## Stochastic ODE: Euler-Maruyama illustrated

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Stochastic ordinary differential equations have their own issues and require numerical methods that differ from those used for deterministic ODEs. While Igor does not support stochastic ODEs in an operation, it is straightforward to code explicitly the (simple) Euler-Maruyama (EM) method. In learning how to deal with such equations, I made the following code, which simulates a particle in a double-well potential of adjustable depth. It could be the starting point for explorations of stochastic resonance, information processing by small systems, etc. For this particular case, the EM method works well. For other applications, other algorithms such as Milstein's or Heun's methods may give better results. Note that the program uses 2 implicit loops, one to loop over the N time steps of an individual path, the other to calculate M paths.

If others are interested in stochastic methods, I encourage you to post more examples. This will perhaps persuade the Igor folks to add explicit support for stochastic equations. (While these methods are easy to program in Igor as it stands, they are much slower than what a C-coded version could do. And these calculations tend to require LOTS of iterations.....)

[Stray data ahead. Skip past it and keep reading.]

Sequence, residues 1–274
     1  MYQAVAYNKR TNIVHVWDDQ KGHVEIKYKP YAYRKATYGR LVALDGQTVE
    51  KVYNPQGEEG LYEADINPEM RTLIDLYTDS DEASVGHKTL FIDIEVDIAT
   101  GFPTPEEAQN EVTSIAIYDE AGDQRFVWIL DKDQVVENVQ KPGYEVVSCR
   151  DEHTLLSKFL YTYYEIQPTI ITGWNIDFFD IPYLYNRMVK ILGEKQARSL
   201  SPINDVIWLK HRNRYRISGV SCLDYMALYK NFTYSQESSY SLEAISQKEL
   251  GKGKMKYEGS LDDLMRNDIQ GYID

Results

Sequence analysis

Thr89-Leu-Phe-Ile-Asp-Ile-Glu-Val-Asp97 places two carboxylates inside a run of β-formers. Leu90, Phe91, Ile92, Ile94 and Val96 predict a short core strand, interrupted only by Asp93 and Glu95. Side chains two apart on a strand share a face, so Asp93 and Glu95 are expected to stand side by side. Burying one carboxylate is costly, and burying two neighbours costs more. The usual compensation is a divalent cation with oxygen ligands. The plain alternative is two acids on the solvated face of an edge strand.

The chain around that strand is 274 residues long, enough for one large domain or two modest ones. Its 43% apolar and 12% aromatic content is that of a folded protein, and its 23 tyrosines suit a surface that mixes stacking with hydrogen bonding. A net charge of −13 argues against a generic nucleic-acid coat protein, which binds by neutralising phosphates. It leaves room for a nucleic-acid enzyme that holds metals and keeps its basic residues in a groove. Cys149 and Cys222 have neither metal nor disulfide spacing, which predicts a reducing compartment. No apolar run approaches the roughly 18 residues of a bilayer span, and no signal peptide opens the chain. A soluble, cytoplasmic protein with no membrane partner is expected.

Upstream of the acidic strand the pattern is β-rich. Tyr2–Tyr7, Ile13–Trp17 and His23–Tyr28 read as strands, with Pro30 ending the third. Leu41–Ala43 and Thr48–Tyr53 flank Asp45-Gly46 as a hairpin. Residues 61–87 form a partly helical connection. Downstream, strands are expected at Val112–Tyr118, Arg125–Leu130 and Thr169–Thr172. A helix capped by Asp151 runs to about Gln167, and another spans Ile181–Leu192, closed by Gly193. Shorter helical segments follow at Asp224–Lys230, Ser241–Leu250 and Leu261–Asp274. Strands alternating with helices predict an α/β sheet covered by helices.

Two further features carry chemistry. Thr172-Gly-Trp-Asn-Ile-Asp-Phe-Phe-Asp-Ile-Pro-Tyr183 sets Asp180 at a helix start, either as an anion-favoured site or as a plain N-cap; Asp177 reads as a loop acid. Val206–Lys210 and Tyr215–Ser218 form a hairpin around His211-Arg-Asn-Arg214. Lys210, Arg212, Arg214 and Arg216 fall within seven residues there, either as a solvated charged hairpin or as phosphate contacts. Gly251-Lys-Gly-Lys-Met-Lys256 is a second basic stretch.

Note that this was developed in 6.10b07, but I see no reason that it won't run in Igor 6.0x.

```//________________________________________________________________

function em(M,N,D,Tf)							// vector implementation of Euler-Maruyama
variable M,N,D,Tf						// M = paths, N = time points
// D = noise strength, Tf = final sim. time
// try M=1, N=1e4, D=0.01, Tf=1000
//	SetRandomSeed 0.5						// useful for debugging
variable dt = Tf/N, Xzero = 0					// dt = time step;  Xzero = initial condition
wave pars							// declare parameter wave
make /o/n=(M,N) dW
dW = sqrt(2*D*dt)*gnoise(1)					// M realizations of noise terms dW(t)
Integrate /meth=2 /dim=1 dW /D=W 				// integral is just sum of dW's
Duplicate /o W, Xem
Xem[][0] = Xzero						// initialize all paths
Xem[][1,N] =  Xem[p][q-1] + dt*myfunc(pars, (q-1)*dt, Xem[p][q-1]) + dW[p][q-1]
// this is the crucial step for the EM method!
MatrixOp /o Xem0 = row(Xem,0)^t					// get a single trajectory to graph
SetScale/P x 0,dt,"", Xem0
killwaves dW,W,Xem						// get rid of big waves
end

//________________________________________________________________

Function myfunc(pw,t,x)
wave pw; variable t,x
// t for time-dependent forces; not needed here
variable a=pw[0]						// barrier height  (try a=0.3)
return a*x - x^3						// force = -dU/dx, U = -a*x^2/2 + x^4/4
End

//________________________________________________________________

Window path_graphs() : Graph
PauseUpdate; Silent 1		// building window...
Display /W=(533,50,1004,389) Xem0
ModifyGraph width=360,height=216
ModifyGraph marker=19
ModifyGraph msize=1
ModifyGraph nticks(bottom)=2
ModifyGraph fSize=18
ModifyGraph manTick(left)={0,1,0,0},manMinor(left)={1,0}
ModifyGraph manTick(bottom)={0,500,0,0},manMinor(bottom)={4,0}
Label left "Particle position  (x)"
Label bottom "Time  (t)"
SetAxis left -1.5,1.5
ControlBar 42
SetVariable setvar0,pos={67,8},size={214,27},title="barrier height a  ",fSize=18
SetVariable setvar0,limits={0,1,0.1},value= pars[0]
EndMacro```